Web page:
Will the Stock Market Crash? Part 2 of 2

March 10, 2022 Updated: March 11, 2022

Commentary 

In my last column (“Will the Stock Market Crash? Part 1 of 2”), I answered this question in the affirmative, on the grounds that the market was the second most overvalued in history according to Shiller’s CAPE Index, and it had the highest level of margin debt since the Great Depression. Both conditions set the market up for crashes in the past.

So far this year, the market has fallen by just under 10 percent from its peak, and it’s now back to where it was in the middle of 2021—though it’s recovered slightly from its low before the Ukraine War began.

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Figure 1: Chart showing that in the first 3 months of this year the S&P500 has lost the gains made in the last six months of 2021. (Yahoo/Steve Keen)

Left to its own devices, the market would continue to crash. Even the 10 percent fall—before the war rally—leaves the market close to twice its long-term value on Shiller’s CAPE Index. Margin calls should be weighing on the market too, with margin debt at its highest level, relative to GDP, in over 90 years.

But the market hasn’t been left to its own devices, ever since Greenspan’s once famous but now largely forgotten “whatever it takes” intervention after the biggest one-day fall on Wall Street ever, the crash of Oct. 19, 1987, when the SP500 fell 20 percent in a single day. Greenspan’s promise to supply enough liquidity to the market to prevent a meltdown became known as the “Greenspan Put.”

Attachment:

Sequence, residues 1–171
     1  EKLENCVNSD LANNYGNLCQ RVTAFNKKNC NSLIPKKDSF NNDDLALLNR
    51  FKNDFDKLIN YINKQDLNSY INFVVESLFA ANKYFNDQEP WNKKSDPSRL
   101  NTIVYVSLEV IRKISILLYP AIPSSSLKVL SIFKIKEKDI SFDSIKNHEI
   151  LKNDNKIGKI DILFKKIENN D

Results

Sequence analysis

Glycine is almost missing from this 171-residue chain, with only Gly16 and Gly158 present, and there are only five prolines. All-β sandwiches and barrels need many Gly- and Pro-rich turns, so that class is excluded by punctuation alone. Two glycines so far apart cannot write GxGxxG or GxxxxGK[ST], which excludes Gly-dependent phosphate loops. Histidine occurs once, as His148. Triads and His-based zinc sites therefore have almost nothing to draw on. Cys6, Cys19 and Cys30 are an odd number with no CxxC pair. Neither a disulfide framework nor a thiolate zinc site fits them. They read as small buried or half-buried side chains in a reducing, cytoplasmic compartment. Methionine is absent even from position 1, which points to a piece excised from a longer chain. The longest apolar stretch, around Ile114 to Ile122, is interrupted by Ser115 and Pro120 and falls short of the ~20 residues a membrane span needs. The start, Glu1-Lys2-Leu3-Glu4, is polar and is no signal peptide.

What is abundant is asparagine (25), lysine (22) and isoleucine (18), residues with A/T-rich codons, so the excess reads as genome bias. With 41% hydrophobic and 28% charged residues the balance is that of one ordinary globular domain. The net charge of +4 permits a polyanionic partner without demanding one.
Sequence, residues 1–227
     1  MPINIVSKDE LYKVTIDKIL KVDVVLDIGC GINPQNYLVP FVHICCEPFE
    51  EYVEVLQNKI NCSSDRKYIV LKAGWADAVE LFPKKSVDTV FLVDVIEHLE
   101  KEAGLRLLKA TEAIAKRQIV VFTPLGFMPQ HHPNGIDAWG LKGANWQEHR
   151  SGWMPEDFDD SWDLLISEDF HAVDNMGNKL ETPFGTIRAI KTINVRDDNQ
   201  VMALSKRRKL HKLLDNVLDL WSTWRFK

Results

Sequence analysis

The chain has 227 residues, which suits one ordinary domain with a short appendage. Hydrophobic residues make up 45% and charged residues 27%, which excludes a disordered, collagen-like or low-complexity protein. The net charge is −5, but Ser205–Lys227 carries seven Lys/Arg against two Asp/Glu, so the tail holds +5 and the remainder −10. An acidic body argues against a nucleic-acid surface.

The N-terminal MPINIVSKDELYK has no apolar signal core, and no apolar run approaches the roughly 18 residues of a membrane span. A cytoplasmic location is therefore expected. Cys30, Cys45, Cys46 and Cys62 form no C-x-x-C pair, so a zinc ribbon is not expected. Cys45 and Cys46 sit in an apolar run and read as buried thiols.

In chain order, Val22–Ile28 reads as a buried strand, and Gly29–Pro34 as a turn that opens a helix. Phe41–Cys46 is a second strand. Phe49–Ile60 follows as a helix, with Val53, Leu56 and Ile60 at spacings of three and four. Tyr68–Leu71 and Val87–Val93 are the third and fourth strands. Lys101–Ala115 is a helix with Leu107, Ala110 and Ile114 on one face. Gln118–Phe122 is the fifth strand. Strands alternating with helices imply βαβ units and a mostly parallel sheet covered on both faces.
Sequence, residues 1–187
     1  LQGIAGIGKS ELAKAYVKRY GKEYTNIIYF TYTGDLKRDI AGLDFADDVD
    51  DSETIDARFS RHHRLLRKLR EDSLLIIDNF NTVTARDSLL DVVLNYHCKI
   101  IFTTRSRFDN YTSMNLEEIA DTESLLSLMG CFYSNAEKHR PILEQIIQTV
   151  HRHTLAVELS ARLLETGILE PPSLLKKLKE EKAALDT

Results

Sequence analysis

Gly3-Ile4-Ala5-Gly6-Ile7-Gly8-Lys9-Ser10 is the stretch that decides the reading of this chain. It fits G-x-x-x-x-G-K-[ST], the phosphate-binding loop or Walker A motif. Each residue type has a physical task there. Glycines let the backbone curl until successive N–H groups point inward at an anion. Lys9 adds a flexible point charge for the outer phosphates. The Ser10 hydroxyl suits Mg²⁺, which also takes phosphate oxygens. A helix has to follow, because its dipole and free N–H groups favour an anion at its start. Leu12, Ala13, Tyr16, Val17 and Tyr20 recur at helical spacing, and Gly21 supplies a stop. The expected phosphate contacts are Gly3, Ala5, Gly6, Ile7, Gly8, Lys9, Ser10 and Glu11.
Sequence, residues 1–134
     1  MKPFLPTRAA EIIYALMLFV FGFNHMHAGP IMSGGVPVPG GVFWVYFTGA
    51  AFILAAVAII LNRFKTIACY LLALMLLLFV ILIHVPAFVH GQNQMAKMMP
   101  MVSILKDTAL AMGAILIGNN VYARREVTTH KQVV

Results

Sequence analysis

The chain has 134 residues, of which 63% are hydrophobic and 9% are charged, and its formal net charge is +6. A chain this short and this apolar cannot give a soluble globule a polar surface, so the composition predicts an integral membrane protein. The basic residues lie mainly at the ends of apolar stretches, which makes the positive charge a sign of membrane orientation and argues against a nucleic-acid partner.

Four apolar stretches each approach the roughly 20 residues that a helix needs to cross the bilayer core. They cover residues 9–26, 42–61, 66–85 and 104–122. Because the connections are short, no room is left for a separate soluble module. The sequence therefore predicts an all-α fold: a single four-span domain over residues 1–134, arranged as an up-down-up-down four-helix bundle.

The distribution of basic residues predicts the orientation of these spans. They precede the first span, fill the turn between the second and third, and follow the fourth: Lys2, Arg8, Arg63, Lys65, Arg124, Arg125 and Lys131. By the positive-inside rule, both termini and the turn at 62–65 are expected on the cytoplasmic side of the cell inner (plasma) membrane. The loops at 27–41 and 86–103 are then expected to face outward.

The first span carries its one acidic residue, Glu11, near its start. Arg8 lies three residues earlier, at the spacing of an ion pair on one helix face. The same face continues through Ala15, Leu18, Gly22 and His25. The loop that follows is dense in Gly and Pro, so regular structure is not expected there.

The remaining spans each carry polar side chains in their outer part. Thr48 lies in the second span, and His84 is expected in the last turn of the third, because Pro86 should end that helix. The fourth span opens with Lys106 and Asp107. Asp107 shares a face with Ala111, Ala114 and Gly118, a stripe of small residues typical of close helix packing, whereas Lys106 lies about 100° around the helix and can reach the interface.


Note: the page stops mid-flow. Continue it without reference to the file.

But as effective as Greenspan’s underwriting of the market was, it was fleeting. The permanent support of the market by The Fed began under Bernanke, with what is called “quantitative easing,” or QE for short. With QE, The Fed buys bonds off the finance sector, with the objective of encouraging financial companies to make loans, and to buy other assets—especially shares.

The Fed approved QE at the end of 2008, during the “Great Recession” and after the market had plunged by over 50 percent from its peak. Since then, the market has risen sevenfold in 12 years—growing far faster than the economy.

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Chart of the S&P 500 since Jan. 3, 2000. (Yahoo/Steve Keen)